“In the Nordic countries, where gender equality is highest, unexpected differences have opened up between men and women. In what Nima Sanandaji calls the Nordic paradox, companies in those countries have fewer female business managers, not more. It seems that when egalitarian welfare states give people more choices, many women take advantage of those choices by dropping out of the rat race.”
Technically this is correct–even the least equal Nordic country Denmark ranks 14th regarding equality, far ahead of the US in 49th place–but the situation is nuanced in a way this paragraph elides. Nordic women have what the Cato Institute calls “a monopoly” over public-sector jobs, meaning that fewer engage in private-sector businesses in the first place, which naturally lowers the number of female managers. So the idea that Nordic countries offer women “more choices” is a bit of a stretch, even if the numbers themselves are closer; Sanandaji himself mentions that tax rates push many women out of the workforce when they are unable to hire domestic help to lessen the burden at home. Just as in the US, Nordic employers are often less likely to hire women of childbearing age because of maternity leave policies and the perception that women will be less reliable. Since these factors are out of women’s hands, I’m not sure “choice” is the right frame for talking about the problem. It feels misleading, I don’t know. Maybe rephrase?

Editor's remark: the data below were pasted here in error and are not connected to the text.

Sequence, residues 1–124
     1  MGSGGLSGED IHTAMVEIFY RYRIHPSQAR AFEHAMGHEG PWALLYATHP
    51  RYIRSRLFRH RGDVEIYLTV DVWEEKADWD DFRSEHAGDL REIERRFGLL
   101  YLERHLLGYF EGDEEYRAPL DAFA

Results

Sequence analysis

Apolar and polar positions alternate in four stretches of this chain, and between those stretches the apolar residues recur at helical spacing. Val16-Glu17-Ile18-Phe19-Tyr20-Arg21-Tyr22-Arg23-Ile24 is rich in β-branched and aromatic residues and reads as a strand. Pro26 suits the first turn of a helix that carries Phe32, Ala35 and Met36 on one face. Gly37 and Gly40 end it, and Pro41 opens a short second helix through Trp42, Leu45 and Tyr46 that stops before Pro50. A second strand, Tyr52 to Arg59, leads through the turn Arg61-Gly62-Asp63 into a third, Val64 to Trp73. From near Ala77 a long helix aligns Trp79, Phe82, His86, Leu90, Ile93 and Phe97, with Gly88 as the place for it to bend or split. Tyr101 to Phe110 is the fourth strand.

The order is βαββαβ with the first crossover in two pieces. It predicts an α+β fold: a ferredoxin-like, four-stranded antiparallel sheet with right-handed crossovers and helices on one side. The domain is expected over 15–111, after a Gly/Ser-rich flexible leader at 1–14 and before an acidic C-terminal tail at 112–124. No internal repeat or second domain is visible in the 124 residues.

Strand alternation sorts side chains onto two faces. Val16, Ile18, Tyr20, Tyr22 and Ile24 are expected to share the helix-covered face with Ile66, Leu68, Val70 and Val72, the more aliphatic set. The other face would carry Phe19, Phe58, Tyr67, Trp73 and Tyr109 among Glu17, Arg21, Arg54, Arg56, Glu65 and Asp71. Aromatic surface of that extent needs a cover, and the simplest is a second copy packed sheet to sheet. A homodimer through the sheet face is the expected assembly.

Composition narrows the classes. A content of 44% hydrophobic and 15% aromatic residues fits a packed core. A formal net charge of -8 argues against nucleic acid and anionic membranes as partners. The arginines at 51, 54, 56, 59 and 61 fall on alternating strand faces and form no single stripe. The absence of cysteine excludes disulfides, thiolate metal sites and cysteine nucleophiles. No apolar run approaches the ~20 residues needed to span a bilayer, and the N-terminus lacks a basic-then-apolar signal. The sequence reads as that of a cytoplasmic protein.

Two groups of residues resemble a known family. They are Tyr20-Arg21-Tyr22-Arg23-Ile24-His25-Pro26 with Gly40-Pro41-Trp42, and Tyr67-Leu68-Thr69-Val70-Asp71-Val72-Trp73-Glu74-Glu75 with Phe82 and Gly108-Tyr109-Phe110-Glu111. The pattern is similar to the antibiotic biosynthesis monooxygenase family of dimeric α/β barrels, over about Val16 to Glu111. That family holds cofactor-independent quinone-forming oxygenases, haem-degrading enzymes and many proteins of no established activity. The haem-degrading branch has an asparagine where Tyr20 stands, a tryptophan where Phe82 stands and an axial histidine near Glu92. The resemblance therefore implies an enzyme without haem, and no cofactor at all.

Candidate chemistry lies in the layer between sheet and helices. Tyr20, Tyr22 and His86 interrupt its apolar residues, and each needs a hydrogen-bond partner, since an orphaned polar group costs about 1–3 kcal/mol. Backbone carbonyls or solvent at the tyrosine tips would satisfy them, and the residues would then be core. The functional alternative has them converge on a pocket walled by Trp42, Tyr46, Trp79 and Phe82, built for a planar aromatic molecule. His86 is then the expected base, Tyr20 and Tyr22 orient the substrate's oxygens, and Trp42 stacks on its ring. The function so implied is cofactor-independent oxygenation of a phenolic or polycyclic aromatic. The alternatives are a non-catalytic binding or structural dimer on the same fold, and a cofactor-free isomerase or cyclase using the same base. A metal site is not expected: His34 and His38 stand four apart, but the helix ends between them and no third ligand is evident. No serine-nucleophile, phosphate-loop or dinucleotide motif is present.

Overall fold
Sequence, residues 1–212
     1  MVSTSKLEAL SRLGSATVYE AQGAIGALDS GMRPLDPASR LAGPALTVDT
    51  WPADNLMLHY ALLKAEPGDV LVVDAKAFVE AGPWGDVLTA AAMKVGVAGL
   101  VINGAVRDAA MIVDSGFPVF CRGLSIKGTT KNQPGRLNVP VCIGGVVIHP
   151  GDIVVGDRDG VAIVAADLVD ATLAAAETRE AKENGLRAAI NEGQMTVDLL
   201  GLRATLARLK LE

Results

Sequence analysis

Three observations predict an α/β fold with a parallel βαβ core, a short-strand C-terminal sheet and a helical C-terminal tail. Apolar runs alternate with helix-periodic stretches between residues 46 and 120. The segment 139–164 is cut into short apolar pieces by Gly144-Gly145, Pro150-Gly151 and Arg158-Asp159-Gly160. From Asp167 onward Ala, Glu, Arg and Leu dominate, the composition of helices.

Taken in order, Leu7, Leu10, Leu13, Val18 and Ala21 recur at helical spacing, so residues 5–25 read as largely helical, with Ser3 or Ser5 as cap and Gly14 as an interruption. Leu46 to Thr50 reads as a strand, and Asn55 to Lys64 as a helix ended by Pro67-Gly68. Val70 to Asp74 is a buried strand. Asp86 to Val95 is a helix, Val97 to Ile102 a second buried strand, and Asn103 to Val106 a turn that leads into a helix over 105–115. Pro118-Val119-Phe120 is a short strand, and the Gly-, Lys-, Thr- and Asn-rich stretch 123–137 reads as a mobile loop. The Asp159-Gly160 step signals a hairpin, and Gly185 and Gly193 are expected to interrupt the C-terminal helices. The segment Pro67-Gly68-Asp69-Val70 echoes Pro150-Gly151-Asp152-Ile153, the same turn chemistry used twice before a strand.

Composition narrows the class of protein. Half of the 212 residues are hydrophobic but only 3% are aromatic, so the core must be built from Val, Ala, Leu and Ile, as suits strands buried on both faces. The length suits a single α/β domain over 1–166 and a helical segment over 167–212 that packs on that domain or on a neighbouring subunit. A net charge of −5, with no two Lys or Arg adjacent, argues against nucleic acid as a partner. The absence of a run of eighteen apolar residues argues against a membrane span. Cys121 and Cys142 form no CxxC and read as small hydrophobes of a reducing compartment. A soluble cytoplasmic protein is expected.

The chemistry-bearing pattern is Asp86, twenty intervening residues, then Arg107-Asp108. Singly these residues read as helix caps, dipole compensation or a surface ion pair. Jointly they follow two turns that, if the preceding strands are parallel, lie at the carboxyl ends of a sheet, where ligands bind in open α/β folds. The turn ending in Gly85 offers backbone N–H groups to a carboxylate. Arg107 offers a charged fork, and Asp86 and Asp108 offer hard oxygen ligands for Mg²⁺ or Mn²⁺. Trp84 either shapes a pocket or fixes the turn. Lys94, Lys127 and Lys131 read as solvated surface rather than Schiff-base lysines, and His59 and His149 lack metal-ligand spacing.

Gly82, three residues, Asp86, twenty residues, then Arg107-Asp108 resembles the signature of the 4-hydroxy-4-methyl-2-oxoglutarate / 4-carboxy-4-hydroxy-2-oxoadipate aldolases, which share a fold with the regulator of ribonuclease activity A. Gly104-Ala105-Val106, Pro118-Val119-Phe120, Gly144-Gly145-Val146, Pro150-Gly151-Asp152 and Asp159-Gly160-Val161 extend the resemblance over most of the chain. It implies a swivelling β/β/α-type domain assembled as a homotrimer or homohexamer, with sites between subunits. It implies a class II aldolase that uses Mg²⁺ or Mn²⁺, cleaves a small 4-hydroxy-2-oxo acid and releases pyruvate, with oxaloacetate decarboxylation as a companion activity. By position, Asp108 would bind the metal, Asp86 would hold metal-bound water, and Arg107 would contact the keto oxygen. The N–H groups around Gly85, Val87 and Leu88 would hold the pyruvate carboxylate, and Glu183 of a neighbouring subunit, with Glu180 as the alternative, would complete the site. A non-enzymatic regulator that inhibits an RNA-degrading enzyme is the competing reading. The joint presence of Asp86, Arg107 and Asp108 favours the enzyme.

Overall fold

“In 2016, female voters under 30 years old voted for Hillary Clinton over Donald Trump 63 percent to 31 percent. Males in the same age cohort gave Clinton a much smaller edge, voting for her 46 percent to 42 percent. That’s a 17-point gender gap…More than ever, Millenials are staggeringly divided by gender, while older generations show far smaller differences.”
Where did you get these numbers? Exit polls at the New York Times—and most other mainstream media outlets—separate voters by age and gender but not the intersection of both (Are they from this FiveThirtyEight article? Maybe we should cite them?). Anyway, this Pew Research Center study says that (what they call) the 18-point gap between millennial men and women only adds to a larger trend that began in the 90s, where women across all age groups vote for Democrats while men lean Republican. So the millennial age gap isn’t the only demographic disparity: Among voters 65 and older, who historically trend Republican, there was a 13-point gap with women favoring Clinton. Do you have different numbers than that? 13 doesn’t seem “far smaller” than 17/18; it feels about in line with the discrepancy you’d expect between the age groups, doesn’t it?